What is identity theft insurance?

Identity fraud insurance covers the expenses associated with having your identity stolen. It pays for things like legal fees, lost wages, and credit monitoring services. It also alerts you when suspicious activity occurs so you can get a head start on resolving issues.

“Identity theft protection does have an insurance component, but the product is multi-faceted,” says Brian Caroland, Director of Identity Theft Solutions at Zander Insurance in Nashville, TN.

Depending on the level of coverage you purchase, Caroland says identity theft insurance could include:

  • Monitoring clients’ personal information and sending alerts if any suspicious activity is identified
  • Providing full-service restoration services if a client becomes a victim of identity theft
  • Reimbursing stolen funds and identity theft-related expenses up to $1 million

Some policies even cover postage and mailings and provide a child care component if you need to run errands related to the fraud case.

Does homeowners insurance cover identity theft?

Homeowners insurance coverage may include a small amount of identity theft coverage on a standard policy, depending on the company.

“Some homeowners policies do have an ID theft protection component but, typically, restoration services are limited, there is little to no expense reimbursement,” Caroland says. “Those types of plans almost never include reimbursement for stolen funds. And with limited restoration services, if the client becomes a victim of identity theft, the insurance provider will merely send the insured a packet in the mail with some tips and form templates; the client is then left to figure out next steps on their own, doing all the work themselves.”

If you want more comprehensive coverage, you can purchase a stand-alone identity theft policy or add an endorsement to your existing homeowners insurance. This can be done for as little as $50 a year.

How does identity theft insurance work?

Identity theft insurance coverage is usually either a part of your homeowners policy or can be added as a rider. You can also purchase identity theft policies from most major insurance carriers and from credit card companies and credit monitoring agencies (the top three are TransUnion, Equifax and Experian).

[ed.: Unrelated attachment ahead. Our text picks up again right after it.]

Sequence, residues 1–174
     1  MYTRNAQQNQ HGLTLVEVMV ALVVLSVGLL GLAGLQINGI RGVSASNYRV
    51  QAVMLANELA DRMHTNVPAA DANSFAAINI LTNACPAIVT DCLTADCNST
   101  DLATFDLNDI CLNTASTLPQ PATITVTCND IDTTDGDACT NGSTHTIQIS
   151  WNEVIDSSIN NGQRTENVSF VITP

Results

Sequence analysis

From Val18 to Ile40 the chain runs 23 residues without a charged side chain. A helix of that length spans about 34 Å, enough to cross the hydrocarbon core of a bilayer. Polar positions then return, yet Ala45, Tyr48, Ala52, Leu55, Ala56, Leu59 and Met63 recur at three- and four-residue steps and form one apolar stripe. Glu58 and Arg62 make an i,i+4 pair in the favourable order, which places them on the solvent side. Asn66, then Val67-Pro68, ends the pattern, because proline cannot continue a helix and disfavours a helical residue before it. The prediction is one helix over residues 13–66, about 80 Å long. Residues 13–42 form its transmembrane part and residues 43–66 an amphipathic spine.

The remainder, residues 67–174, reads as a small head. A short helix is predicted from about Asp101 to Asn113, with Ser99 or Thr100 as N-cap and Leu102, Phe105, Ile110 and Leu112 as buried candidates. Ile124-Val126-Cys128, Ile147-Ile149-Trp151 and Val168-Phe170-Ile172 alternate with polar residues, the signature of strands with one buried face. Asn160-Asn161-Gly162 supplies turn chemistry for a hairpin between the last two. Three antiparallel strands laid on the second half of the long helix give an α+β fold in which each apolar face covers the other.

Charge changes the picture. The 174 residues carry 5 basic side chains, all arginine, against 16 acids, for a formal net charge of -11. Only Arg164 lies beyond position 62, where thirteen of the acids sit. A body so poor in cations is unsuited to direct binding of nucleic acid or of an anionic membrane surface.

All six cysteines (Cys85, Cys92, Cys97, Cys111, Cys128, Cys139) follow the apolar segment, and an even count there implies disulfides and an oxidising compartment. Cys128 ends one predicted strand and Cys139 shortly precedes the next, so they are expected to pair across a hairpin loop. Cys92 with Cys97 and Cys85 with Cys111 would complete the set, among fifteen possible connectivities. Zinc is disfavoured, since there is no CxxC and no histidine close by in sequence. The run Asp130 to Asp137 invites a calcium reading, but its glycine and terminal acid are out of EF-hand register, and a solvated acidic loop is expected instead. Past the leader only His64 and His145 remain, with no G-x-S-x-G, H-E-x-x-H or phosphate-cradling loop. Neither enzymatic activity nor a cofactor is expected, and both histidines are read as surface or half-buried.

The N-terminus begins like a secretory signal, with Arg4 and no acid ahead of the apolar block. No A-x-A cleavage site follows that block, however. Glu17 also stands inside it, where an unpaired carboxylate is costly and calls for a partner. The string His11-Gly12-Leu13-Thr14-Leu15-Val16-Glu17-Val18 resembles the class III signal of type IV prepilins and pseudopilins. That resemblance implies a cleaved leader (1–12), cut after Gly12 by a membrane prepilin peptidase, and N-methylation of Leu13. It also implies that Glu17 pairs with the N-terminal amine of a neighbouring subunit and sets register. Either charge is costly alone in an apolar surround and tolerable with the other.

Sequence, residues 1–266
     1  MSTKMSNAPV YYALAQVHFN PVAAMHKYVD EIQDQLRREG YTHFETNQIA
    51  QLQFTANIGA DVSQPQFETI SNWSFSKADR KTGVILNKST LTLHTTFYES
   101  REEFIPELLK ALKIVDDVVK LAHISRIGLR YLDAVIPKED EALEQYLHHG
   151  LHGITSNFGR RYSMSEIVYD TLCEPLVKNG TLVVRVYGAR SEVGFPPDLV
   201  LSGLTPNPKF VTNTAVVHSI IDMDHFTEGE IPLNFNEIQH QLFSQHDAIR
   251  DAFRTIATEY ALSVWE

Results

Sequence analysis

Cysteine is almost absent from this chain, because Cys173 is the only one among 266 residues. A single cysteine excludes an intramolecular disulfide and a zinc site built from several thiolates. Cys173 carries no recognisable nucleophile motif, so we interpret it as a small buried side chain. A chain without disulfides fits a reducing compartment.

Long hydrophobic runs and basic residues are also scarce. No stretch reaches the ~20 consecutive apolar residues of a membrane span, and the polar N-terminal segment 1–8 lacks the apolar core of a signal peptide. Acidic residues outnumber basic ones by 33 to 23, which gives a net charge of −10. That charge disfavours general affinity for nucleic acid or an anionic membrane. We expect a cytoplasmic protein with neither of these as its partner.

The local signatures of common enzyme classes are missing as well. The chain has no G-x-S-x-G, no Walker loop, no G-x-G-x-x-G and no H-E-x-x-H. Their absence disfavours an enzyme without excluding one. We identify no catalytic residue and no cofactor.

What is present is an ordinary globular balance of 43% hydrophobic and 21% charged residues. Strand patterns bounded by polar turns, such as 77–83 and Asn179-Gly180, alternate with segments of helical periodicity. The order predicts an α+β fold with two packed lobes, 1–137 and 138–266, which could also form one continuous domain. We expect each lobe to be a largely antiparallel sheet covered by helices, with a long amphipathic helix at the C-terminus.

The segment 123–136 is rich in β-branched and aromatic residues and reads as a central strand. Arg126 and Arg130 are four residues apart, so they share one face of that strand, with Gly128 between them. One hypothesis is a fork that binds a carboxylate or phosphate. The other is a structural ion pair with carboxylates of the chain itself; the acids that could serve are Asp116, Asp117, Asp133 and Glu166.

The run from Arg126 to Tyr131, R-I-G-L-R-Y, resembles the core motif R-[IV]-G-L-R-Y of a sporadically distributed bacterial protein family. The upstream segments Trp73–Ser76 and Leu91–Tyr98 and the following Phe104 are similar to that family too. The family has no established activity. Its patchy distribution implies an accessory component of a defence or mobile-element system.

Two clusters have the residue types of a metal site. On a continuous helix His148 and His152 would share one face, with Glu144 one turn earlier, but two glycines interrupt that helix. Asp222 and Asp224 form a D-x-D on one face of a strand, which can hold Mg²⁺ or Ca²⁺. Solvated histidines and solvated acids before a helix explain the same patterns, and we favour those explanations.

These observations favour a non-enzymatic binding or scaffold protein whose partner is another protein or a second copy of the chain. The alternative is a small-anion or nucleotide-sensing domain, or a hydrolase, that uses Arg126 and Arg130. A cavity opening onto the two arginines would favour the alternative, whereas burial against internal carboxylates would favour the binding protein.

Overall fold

“Some people think of identity theft as just having fraudulent charges show up on their credit card,” Caroland says, “but it’s much deeper and wider than that.”

Someone may open credit cards in your name and start charging away. Someone may access your photo ID and social security number via your doctor’s office during a data breach. Major retail stores will frequently announce that they had a data breach which means your purchase history and other information may be out there for identity thieves. Using this info, fraudsters can open new accounts– even loans and mortgages- in your name. This takes time, endless phone calls and mountains of paperwork to resolve. This is where identity fraud coverage can save you time and money.

At Caroland’s agency plans cover  “all types of identity theft, which can include financial and credit fraud, home title theft, medical ID theft where someone uses a client’s information to obtain medical procedures or prescription drugs, criminal ID theft where someone uses a client’s information to commit a crime, tax fraud, unemployment or social security fraud, and more.”

Not all policies are the same, and of course the more services and protections, the more you pay. Shop around to see what plan is right for you.

What does identity theft insurance cover?

Identity theft insurance usually covers:

  • Bank and credit card fees assessed to you after fraudulent charges hit your account
  • Legal fees if you have to show up in court to make a claim or defend yourself
  • Lost wages for the time you might spend resolving the fallout of your identity theft
  • Other fees for credit reports, monitoring services, fraud alerts
  • Some, but not all, policies will reimburse the stolen money

The level of coverage will depend on the policy you buy, so assess how much you might want to spend versus your willingness to stay exposed to the risk of identity fraud.

Who needs identity theft insurance?

According to Caroland, “anyone who is concerned with preserving their wealth, protecting their assets, or saving time” is someone who should look into identity theft coverage.

“While ID thieves do occasionally still use the tried-and-true methods of dumpster diving or stealing mail to take personal information, there’s so much identity theft happening digitally these days, and cybersecurity and staying safe online have become a huge concern for our clients,” he says. 

He also urges people to think about insuring their children. “Children are prime targets for identity thieves because they can be victimized continuously, sometimes many years, before anyone notices.”  Increased time spent using apps, online banking and spending time on social media contributes to their vulnerability.

How much does identity theft protection cost?

Identity theft insurance is pretty affordable. On average it costs as little as $25-50 a year or as much as $30-75 per month depending on the level of coverage you want to purchase. As with many types of insurance, you may be subject to a deductible before your claim pays out.

Home insurance FAQs

Is identity theft insurance worth it?

For most people, yes. It’s affordable, and the payoff is high. However, everyone is at risk for identity theft.

Does umbrella insurance cover identity theft?

You must add language to cover identity theft to your personal liability umbrella insurance. Otherwise, add a rider or purchase a stand-alone policy.


Federal Trade Commission. “New FTC Data Show Consumers Reported Losing Nearly $8.8 Billion to Scams in 2022”. Accessed October 2023.